Figure 1: Number of nucleoli per cell in the untreated and NAC groups.
Figure 2: H & E staining of Grade 3 infiltrating duct carcinoma –Untreated.
Figure 3: H & E staining of infiltrating duct carcinoma- NAC group.
mAgNOR was compared between tissue obtained from patients who had received NAC and untreated patients. The mAgNOR in untreated patients was some what higher in the NAC group, but did not reach statistical significance (p 0.33) and showed a trend towards macroenlargement (Figure 4).
Figure 4: mAgNOR counts in untreated and NAC groups.
Mitosis per high power field in untreated patients was significantly higher than in the NAC group (p 0.042) (Figure 5).
Figure 5: Number of mitosis per hpf in untreated and NAC groups.
Immunohistochemistry for Ki-67 was significantly different between untreated (51.36%) and NAC groups (29.62%) (p 0.05). The percentages indicate the number of cells that stained positive for Ki- 67 (Figure 6).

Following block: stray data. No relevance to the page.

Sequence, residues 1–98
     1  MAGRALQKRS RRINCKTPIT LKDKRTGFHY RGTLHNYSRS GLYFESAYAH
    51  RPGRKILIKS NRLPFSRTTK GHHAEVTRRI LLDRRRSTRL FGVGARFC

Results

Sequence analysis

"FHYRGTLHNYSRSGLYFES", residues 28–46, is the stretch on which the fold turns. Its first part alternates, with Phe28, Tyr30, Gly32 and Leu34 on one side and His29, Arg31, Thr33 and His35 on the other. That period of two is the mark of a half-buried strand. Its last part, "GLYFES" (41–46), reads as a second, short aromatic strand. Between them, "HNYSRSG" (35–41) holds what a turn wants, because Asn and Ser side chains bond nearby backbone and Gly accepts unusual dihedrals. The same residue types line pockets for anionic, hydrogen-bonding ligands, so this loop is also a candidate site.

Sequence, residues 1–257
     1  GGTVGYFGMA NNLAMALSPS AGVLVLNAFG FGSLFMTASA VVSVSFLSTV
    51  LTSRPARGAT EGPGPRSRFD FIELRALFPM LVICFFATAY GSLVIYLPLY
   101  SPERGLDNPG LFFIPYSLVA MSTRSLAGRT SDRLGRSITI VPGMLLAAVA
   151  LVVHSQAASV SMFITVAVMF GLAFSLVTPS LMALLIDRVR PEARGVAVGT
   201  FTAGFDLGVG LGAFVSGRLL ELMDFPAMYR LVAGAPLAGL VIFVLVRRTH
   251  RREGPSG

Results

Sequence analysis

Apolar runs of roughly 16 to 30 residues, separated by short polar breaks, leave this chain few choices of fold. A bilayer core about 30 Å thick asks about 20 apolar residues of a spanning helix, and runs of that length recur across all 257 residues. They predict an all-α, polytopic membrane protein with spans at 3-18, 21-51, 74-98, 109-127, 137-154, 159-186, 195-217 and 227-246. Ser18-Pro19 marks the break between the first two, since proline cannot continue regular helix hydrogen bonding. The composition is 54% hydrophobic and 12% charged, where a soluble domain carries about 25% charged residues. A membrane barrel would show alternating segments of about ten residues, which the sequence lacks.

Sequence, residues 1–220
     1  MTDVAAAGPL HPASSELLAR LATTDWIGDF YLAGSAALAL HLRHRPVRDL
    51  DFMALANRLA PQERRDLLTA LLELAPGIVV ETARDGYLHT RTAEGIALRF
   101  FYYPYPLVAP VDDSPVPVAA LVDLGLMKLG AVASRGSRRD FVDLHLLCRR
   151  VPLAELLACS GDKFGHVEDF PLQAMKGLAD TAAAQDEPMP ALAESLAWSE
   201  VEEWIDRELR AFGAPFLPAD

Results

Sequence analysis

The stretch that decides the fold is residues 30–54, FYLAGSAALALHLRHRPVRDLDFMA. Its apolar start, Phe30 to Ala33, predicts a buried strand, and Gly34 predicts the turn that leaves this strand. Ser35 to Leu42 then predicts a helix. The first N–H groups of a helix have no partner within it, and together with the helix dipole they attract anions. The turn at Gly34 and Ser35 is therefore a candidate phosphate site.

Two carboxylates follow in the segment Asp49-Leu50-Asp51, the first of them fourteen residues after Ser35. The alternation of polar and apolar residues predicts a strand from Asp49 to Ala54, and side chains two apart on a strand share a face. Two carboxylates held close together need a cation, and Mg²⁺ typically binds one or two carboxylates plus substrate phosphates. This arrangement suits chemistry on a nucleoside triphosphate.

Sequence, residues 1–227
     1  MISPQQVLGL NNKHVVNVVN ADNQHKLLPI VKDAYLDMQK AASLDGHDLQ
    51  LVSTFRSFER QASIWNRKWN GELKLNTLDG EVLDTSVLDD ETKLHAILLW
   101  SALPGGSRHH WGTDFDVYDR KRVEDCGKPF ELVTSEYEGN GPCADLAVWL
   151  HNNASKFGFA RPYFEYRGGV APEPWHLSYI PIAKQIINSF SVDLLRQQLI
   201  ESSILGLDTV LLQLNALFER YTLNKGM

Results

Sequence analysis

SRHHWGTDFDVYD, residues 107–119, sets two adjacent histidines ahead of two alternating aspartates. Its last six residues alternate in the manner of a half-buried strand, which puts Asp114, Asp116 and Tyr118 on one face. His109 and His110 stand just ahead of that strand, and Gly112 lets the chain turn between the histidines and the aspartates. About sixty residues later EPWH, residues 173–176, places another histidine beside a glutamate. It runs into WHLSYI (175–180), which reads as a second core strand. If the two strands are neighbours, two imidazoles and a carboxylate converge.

Figure 6: Percentage of cells expressing Ki-67 in untreated and NAC groups.
CCND1 when compared between the NAC (41%) and untreated groups (63%) showed a significant difference (p 0.036) (Figure 7).
Figure 7: Percentage of cells expressing Cyclin D1 in untreated and NAC groups.
In the NAC group, ER status in the exome sequencing (sample 3) group showed low positive (<30%) in 5 cases and high positivity in 5 cases.
There was no difference in the expression of CD3, CD8 and CD68 between the groups.
Whole genome sequencing for exome analysis of 344 genes wasperformed on a sample of tumors that had been exposed to NAC. The results are as follows:
Mutations were identified in 33/55 samples obtained from the untreated group and in 4/11 patients in the NAC group (Table 1) 29 of the 33 patients in the untreated group had two or more mutations (Table 2). From the exome analyses of the 344 cancer gene panel, COL1A1 was the unique gene mutated in the NAC group while the other genes CREBBP, ERBB2, FN1, GNAS, NSD1, PARP1, TCF3, TOP2A and TPR were found with equal frequency in both groups.